Maryland Periodontics and Dental Implants
7902 Old Branch Ave., Suite 209
Clinton, MD 20735
(301) 856-1200


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Stress(ed) Out Mouth

How Stress Negatively Affects Oral Health.

No one needs to be reminded we live in difficult times. Confinement, fears and feelings of uncertainty compounded by regular, everyday problems have increased levels of stress to our daily lives.

Stress is a common cause of many health problems. Your oral health is no exception. Stress can impact your oral health routine and diet, increasing the risk of problems like tooth decay.

Call (301) 856-1200 to schedule your periodontal evaluation today!

Stress can lead to many oral health problems.

Oral Health Problems & Stress:

  • Gum Disease – Stress lowers the immune system and increases the risk for infection in the mouth like gum disease.
  • Teeth Grinding – Grinding or Clenching often occurs during the night causing damage to the teeth and enamel. This can lead to headaches and soreness in the jaw. Dentists may recommend a night guard to protect the teeth from damage.
  • Dry Mouth – The mouth’s first line of defense against bacteria is saliva. Without saliva there is an increased risk of tooth decay, gum disease and infection. Dry mouth is a side effect of stress. Medicines used to treat stress and depression may, also, cause dry mouth.
  • Canker Sores – Canker sores are harmless but can be painful. They will usually go away on their own within 1-2 weeks, or a dentist may prescribe a topical treatment or rinse.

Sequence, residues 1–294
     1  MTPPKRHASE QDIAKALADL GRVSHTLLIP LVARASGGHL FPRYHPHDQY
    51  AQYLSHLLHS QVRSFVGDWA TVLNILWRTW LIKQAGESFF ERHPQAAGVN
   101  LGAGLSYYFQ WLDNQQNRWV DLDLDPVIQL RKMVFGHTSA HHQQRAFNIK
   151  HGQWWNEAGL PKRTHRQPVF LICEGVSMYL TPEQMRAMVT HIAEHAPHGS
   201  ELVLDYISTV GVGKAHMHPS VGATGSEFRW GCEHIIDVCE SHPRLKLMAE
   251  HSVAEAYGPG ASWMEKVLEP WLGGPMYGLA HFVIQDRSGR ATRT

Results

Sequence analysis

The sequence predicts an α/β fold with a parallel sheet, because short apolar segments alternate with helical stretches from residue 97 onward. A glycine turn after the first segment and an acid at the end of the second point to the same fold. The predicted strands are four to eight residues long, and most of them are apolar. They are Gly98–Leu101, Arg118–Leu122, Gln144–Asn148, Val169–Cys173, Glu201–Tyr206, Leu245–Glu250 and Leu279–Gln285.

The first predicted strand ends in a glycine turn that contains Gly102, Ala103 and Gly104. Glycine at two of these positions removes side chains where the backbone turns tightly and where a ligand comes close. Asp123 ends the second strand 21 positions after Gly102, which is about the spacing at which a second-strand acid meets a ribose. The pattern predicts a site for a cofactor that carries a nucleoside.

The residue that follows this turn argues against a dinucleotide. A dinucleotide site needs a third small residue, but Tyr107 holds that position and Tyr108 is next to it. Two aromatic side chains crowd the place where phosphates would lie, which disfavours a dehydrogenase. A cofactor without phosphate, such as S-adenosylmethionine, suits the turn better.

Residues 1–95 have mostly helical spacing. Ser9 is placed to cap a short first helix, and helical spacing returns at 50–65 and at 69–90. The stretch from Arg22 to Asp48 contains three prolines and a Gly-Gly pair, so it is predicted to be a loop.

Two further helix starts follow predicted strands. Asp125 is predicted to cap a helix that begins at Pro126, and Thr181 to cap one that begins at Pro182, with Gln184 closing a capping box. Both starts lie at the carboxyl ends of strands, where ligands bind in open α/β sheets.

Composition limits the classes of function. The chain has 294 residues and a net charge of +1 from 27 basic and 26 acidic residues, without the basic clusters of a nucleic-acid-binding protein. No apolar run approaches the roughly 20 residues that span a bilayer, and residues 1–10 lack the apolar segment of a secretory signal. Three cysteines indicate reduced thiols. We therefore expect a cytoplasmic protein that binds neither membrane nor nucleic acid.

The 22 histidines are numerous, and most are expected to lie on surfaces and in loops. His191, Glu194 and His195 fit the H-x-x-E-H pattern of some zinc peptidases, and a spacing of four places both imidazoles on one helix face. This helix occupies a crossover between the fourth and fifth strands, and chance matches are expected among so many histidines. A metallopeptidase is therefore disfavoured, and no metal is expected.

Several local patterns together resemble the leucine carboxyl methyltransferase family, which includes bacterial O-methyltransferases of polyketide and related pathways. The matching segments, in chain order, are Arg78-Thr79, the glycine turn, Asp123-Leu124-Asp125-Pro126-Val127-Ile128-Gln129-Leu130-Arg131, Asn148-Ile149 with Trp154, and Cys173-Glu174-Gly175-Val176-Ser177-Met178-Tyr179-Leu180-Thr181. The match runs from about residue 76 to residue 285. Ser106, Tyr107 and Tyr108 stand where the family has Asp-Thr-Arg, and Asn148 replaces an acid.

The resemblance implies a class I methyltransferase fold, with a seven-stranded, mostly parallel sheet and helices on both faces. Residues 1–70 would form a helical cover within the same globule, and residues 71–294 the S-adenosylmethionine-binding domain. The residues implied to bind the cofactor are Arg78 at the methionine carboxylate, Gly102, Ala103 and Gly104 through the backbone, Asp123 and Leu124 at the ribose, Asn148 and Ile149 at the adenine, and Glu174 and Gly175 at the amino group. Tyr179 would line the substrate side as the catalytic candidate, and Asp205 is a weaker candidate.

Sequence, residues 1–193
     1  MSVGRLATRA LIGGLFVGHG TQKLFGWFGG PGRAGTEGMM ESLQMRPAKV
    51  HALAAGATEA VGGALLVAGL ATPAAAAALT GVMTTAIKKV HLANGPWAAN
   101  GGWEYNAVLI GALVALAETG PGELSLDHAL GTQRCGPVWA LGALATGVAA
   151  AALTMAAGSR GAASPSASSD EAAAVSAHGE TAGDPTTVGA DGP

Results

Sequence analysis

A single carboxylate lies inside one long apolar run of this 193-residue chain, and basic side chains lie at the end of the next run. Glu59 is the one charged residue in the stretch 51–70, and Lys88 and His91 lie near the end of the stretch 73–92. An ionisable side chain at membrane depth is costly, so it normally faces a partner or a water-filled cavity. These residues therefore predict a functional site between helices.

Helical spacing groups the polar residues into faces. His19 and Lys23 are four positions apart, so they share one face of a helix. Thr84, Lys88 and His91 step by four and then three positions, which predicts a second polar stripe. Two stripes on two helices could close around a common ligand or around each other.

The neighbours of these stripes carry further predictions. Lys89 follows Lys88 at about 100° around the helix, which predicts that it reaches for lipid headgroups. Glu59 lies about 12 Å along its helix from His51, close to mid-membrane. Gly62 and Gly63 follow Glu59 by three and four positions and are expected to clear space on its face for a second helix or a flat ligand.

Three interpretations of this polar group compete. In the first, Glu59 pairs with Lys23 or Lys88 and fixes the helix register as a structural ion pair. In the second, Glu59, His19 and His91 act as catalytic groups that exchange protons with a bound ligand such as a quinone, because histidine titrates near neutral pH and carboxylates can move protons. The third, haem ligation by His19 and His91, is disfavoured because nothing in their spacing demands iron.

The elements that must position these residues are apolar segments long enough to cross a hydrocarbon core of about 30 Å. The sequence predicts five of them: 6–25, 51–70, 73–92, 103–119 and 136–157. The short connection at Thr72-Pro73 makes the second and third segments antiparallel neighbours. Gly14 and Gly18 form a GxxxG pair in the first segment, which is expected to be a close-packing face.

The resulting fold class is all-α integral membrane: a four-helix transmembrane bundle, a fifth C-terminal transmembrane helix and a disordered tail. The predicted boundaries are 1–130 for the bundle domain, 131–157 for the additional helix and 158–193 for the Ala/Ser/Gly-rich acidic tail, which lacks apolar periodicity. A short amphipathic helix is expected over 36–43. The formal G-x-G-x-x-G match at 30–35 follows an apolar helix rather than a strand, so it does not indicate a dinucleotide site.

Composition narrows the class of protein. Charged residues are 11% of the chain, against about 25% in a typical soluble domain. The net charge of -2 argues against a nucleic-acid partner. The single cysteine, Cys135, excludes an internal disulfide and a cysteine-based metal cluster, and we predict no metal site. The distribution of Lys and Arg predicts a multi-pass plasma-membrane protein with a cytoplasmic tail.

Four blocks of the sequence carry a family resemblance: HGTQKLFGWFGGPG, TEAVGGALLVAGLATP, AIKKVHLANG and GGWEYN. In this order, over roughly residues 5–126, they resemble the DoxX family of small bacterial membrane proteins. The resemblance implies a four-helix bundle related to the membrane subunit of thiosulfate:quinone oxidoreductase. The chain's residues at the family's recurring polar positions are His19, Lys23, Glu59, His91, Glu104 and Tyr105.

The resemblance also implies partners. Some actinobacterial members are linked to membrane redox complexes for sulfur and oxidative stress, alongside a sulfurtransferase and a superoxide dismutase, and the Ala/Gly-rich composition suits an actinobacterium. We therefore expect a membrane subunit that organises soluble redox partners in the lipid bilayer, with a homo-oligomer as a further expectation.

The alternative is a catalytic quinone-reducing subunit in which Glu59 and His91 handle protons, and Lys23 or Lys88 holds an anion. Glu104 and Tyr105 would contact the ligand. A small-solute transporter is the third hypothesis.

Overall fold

• Tooth Decay – Poor oral health routines, unhealthy lifestyle choices and conditions such as dry mouth increase the risk of tooth decay.

Stress can impact your oral health routine and diet, increasing the risk of problems like tooth decay.

Dr. Karen Yurell
Goodness Dental

Tips to Reduce the Impact of Stress on Your Oral Health:

  • Prevention – Establish a daily routine of brushing and flossing your teeth to prevent the build-up of plaque.
  • Lifestyle – Choose healthy foods, less sugar and avoid smoking and drinking alcohol. If you do eat sugar, smoke or drink alcohol, brushing your teeth after these habits will reduce damage to your teeth.
  • Exercise – Yoga and relaxation techniques are calming and reduce the strain on jaw muscles.
  • Mouth Guards – When patients clench their teeth, night guards place a barrier between the upper and lower jaw to lighten the tension and give cushion to the muscles in the jaw. The cushioning helps prevent face and jaw pain, but also, protects tooth enamel.
  • Regular Dental Visits –  The American Dental Association recommends visiting the dentist every six months for regular cleanings. During the six month dental check-up, a dentist will check the mouth for any trouble areas and make recommendations on treatment needed.


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